Following on from the market update we sent earlier this week, we provide you with the key points from this year’s Budget, the announcement regarding interest rates, and remind you about utilising your ISA allowance for the current tax year.
The Chancellor Rishi Sunak presented the first Budget of the new government on Wednesday 11 March. The key headlines were:
- A £90,000 increase to the tapered annual allowance thresholds could remove funding restrictions for many high earners
- Those with income over £300,000 could see their tapered annual allowance reduced to £4,000
- Clarity on the calculation of the top slicing relief for investment bonds
- Income tax rates bands and allowances remain unchanged
Interest rates cut
On 11 March the Bank of England slashed the UK base rate to 0.25 per cent in a bid to boost economic demand at a time when coronavirus is causing severe economic uncertainty.
It is also fair to say that whilst the rate reduction will not make a huge difference to savers, it may make a massive difference to borrowers.
Most major lenders either already have reduced, or plan to reduce their variable rates within the next couple of weeks and when the variable rate reduces, the other rates, such as fixed rates generally tend to follow.
With some lenders having 5 year fixed rates under 1.5% and 10 year fixed rates in the region of 2%, we believe these rates may also fall soon.
This is an ideal opportunity to review your mortgage arrangements.
We recommend contacting your adviser today on 02380 920 128 to discuss your circumstances and potentially find a better deal.
Don’t forget that the end of the tax year is not too far away now and your ISA allowance for the current tax year may not have been fully utilised.
It is important all our clients understand that the sooner you utilise all your ISA allowance the sooner those funds become more tax efficient.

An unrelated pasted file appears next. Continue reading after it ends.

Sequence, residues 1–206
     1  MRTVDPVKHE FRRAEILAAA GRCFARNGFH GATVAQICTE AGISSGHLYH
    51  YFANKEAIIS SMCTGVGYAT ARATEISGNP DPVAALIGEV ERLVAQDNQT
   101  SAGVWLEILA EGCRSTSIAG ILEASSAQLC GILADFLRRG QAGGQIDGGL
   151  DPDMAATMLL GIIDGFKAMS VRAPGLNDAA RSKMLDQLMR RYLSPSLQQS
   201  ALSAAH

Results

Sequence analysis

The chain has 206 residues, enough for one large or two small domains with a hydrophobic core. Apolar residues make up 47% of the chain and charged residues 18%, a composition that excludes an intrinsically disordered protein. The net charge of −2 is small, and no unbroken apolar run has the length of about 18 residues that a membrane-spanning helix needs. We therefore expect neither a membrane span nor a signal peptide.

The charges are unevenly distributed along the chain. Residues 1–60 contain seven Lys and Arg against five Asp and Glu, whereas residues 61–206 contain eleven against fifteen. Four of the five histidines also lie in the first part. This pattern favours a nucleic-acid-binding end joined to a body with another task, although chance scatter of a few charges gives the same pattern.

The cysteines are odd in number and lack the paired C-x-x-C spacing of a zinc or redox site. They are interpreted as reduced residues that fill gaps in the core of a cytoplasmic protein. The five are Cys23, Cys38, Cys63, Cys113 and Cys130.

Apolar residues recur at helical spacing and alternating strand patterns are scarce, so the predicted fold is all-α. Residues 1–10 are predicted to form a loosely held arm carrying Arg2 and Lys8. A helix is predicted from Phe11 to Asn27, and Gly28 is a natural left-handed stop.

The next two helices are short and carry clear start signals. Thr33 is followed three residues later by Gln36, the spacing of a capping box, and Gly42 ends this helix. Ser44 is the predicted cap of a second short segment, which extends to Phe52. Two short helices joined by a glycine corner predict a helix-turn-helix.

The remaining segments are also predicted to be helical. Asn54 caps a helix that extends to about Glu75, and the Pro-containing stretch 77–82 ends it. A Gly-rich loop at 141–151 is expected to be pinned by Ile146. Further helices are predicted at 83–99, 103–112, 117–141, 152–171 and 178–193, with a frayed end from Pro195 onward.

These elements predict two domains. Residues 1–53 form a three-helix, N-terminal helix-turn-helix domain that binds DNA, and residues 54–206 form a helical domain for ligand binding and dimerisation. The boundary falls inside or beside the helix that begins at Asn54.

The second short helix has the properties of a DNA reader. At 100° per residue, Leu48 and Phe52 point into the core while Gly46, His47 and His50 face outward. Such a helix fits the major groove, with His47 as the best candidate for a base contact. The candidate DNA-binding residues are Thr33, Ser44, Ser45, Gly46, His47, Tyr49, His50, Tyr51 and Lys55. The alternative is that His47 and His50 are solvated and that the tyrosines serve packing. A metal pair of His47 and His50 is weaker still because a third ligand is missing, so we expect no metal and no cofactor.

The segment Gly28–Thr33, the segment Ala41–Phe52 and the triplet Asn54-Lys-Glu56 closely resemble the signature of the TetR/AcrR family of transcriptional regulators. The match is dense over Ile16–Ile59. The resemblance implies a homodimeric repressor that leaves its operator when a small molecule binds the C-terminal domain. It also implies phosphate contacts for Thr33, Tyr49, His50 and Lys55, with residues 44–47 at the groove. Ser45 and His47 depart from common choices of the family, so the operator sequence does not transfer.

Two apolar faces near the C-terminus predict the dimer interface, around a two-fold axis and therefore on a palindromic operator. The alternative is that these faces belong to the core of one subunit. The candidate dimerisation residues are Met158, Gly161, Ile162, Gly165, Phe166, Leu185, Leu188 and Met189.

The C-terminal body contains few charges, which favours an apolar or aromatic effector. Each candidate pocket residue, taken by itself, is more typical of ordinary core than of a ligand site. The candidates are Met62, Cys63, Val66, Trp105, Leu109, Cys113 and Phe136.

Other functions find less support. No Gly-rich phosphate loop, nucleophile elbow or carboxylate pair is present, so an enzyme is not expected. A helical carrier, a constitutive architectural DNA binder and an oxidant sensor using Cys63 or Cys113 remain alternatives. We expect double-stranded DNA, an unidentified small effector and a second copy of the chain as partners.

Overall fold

1. If you don’t use it, you lose it – If you don’t use your ISA allowance in a given tax year, it’s gone.
2. Interest from ISAs doesn’t impact your personal savings allowance (PSA) – If you’re a basic-rate tax payer, you can earn up to £1,000 in interest a year tax-free. If you’re a higher-rate tax payer, that reduces to £500. The good news is that any interest earned within an ISA doesn’t count towards this allowance.
3. The tax-free allowance makes a big difference – an ISA protects you from Capital Gains Tax on the amount invested within the Wrapper
4. Sheltering your portfolio from Dividend Tax – Last year, the dividend tax allowance reduced from £5,000 to £2,000 a year. Even if your portfolio isn’t yet yielding £2,000 in dividends, you can protect yourself from future tax by ensuring those investments are held within an ISA tax wrapper now.
5. Don’t forget about the Junior ISA – you can also shelter up to £4,368 in a Junior ISA for 2019/2020 tax year and £9,000 in the 2020/2020 tax year. This is only accessible when the child reaches 18.
Take action today
If you want to utilse your ISA allowance for this and the next (2020-2021) tax year, contact your adviser as soon as possible to discuss your needs further.
Warning: Unlike Cash, the value of investments and any income from them can rise as well as fall so you could get back less than invested.
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